We observe a significant difference when comparing the strength of defence posture represented by the number of security incidents/compromised assets. The CEO who follows the Forum’s Cyber Risk Principles (the WEF-CEO) is predicted to have up to 85% fewer cyber incidents (see Figure 1) compared to the CC-CEO.
Figure 1. Cumulative incidents over 60 months for cyber risk management strategy of the CC-CEO and the WEF-CEO. Image: MIT CAMS
The cyber risk efforts and task prioritization of the WEF-CEO allows early intervention that limits adversarial behaviour, whereas the CC-CEO’s team often responds slower, which ultimately benefits the adversary.
Similar insights can be observed in the risk profile (see Figure 2) regarding a frequency distribution of potential cyber incident occurrence in favour of the WEF-CEO, mainly when vast numbers of cyber incidents may require the IT teams to help the security teams. These situations, known as spill-over effects, require IT task reprioritization, usually at the expense of IT project delivery.
Figure 2. Cyber risk profile is based on the distribution of potential security incidents occurrence over 60 months for cyber risk management strategy of the CC-CEO and the WEF-CEO. Sensitivity analysis is performed with a 95% certainty range. Adopting the Forum’s Cyber Risk Principles demonstrates that individual organizations can significantly improve their cyber resilience without raising costs. Image: MIT CAMS
A resilient approach does not raise costs
The WEF-CEO likely has lower costs than the CC-CEO (see Figure 3). The major difference between these two scenarios is in the allocation of task priorities and cyber risk efforts of the security staff. The CC-CEO has ongoing efforts that require additional staff resources to support response and recovery processes, execute post-mortem research and adjust and improve security capabilities accordingly. The WEF-CEO-implemented security by design has an ongoing proactive capability adjustment and improvement (including continuous automation) and has implemented regular board-level cyber risk dashboarding and reporting.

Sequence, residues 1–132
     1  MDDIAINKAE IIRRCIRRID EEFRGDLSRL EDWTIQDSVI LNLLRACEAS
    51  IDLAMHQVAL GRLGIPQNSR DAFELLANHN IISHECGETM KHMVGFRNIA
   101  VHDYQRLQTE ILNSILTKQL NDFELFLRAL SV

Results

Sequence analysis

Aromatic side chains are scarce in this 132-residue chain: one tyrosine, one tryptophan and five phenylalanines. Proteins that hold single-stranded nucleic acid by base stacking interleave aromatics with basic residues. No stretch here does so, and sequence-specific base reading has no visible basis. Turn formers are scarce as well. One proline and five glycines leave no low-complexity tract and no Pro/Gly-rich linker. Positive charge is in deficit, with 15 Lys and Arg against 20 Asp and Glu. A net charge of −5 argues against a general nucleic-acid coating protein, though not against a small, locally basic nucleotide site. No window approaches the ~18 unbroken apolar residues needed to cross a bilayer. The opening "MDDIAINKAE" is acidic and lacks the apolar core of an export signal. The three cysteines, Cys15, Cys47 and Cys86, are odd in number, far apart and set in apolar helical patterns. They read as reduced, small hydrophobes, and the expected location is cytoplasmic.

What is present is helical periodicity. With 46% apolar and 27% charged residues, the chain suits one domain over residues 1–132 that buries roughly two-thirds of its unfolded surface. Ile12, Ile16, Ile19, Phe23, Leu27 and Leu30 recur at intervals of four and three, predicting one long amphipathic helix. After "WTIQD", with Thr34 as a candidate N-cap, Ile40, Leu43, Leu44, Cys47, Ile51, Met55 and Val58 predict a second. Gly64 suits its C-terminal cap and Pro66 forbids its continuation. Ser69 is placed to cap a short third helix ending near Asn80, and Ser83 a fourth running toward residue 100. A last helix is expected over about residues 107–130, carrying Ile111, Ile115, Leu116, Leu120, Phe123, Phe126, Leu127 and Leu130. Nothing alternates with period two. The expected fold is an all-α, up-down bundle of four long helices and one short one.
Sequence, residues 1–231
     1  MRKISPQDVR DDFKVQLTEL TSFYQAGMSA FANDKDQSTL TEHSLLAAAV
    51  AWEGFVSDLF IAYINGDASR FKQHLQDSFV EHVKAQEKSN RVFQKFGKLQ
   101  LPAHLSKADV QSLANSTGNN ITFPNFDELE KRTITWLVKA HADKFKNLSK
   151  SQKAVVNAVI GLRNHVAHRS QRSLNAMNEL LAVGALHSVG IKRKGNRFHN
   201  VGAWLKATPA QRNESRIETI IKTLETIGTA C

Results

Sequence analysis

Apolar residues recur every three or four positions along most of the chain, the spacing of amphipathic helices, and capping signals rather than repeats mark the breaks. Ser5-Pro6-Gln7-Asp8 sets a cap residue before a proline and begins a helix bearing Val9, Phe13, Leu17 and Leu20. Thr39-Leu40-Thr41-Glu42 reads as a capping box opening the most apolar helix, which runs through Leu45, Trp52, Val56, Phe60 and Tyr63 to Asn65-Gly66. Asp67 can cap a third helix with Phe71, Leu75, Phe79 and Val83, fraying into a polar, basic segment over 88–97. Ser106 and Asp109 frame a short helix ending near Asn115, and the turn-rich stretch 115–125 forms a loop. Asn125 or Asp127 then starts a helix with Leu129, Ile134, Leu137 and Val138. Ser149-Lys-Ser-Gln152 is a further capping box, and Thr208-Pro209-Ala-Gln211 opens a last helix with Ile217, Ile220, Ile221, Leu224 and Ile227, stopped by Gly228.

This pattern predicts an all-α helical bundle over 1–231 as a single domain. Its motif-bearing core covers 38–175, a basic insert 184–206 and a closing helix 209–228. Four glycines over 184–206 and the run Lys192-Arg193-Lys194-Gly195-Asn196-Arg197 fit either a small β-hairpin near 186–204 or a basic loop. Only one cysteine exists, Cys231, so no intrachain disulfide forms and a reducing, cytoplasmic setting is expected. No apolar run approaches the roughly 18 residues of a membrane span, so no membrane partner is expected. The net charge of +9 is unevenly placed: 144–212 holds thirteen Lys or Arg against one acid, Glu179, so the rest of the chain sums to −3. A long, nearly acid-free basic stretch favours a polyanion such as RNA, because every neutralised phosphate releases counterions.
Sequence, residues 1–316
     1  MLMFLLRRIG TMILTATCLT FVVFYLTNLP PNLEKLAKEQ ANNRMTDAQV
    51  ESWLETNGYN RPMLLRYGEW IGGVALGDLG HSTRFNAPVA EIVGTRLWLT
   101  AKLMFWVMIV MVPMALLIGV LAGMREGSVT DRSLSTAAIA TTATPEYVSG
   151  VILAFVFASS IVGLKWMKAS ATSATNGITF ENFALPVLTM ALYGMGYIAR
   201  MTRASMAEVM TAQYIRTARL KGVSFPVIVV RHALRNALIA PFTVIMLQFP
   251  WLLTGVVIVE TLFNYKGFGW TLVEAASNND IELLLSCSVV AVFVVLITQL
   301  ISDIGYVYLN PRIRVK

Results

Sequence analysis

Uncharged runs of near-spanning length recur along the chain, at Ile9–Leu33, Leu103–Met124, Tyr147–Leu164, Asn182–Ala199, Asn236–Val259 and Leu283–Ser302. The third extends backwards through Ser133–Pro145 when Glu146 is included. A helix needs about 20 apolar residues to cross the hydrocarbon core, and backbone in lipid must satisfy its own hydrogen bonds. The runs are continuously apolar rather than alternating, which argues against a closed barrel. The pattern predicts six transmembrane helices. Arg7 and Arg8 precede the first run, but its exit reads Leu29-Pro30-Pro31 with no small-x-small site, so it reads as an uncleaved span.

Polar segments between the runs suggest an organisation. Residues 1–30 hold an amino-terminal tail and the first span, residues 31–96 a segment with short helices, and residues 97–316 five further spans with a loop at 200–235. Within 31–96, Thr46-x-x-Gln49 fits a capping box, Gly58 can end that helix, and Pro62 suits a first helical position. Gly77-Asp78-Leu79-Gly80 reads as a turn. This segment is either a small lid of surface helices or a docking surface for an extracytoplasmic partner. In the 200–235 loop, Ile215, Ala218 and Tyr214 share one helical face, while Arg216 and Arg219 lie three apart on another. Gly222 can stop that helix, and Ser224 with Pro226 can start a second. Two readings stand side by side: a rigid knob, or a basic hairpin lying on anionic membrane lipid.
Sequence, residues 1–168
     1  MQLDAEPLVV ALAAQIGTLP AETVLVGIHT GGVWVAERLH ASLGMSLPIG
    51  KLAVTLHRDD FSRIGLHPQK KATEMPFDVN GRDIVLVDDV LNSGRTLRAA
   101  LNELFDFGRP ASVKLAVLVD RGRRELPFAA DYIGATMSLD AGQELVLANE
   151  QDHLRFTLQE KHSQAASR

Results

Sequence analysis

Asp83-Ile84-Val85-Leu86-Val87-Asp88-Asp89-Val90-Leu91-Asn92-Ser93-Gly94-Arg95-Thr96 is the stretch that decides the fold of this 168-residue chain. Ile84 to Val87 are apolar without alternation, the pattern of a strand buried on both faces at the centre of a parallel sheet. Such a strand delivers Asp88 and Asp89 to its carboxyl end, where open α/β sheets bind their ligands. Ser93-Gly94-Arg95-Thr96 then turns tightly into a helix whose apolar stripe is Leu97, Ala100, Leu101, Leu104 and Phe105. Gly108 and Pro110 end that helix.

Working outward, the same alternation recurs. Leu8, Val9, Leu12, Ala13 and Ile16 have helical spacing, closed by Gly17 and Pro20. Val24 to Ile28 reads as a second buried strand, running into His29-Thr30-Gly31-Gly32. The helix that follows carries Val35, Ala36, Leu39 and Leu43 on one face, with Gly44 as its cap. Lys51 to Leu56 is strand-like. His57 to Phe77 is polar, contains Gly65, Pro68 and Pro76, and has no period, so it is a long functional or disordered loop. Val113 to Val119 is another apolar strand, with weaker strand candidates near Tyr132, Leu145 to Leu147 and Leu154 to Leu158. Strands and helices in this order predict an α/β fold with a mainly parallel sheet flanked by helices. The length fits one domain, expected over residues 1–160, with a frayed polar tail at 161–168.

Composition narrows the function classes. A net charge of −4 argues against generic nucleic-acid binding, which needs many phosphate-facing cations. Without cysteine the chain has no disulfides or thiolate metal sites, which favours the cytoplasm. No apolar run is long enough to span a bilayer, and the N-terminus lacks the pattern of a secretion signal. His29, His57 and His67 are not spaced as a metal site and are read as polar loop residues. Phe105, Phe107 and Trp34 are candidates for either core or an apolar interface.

Figure 3. Resourcing (FTE) 60 months for cyber risk management strategy of the CC- CEO and the WEF-CEO. Image: MIT CAMS
Adopting the Forum’s Cyber Risk Principles demonstrates that individual organizations can significantly improve their cyber resilience without raising costs. In these simulations, adopting the principles proved valuable. In practice, interconnectedness and connectivity between organizations introduces new interdependencies, which will be explored through further research and simulations. The current findings in themselves, however, make a strong case for organizations to adopt the Forum’s Cyber Risk Principles.
MIT’s work is co-funded by Fondo Europeo di Sviluppo Regionale Puglia POR Puglia 2014 – 2020 – Asse I – Obiettivo specifico 1a – Azione 1.1 (RS) – Titolo Progetto: Suite prodotti Cybersecurity e SOC and BV TECH S.p.A. and co-funded by Cybersecurity at MIT Sloan (CAMS).
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The views expressed in this article are those of the author alone and not the World Economic Forum.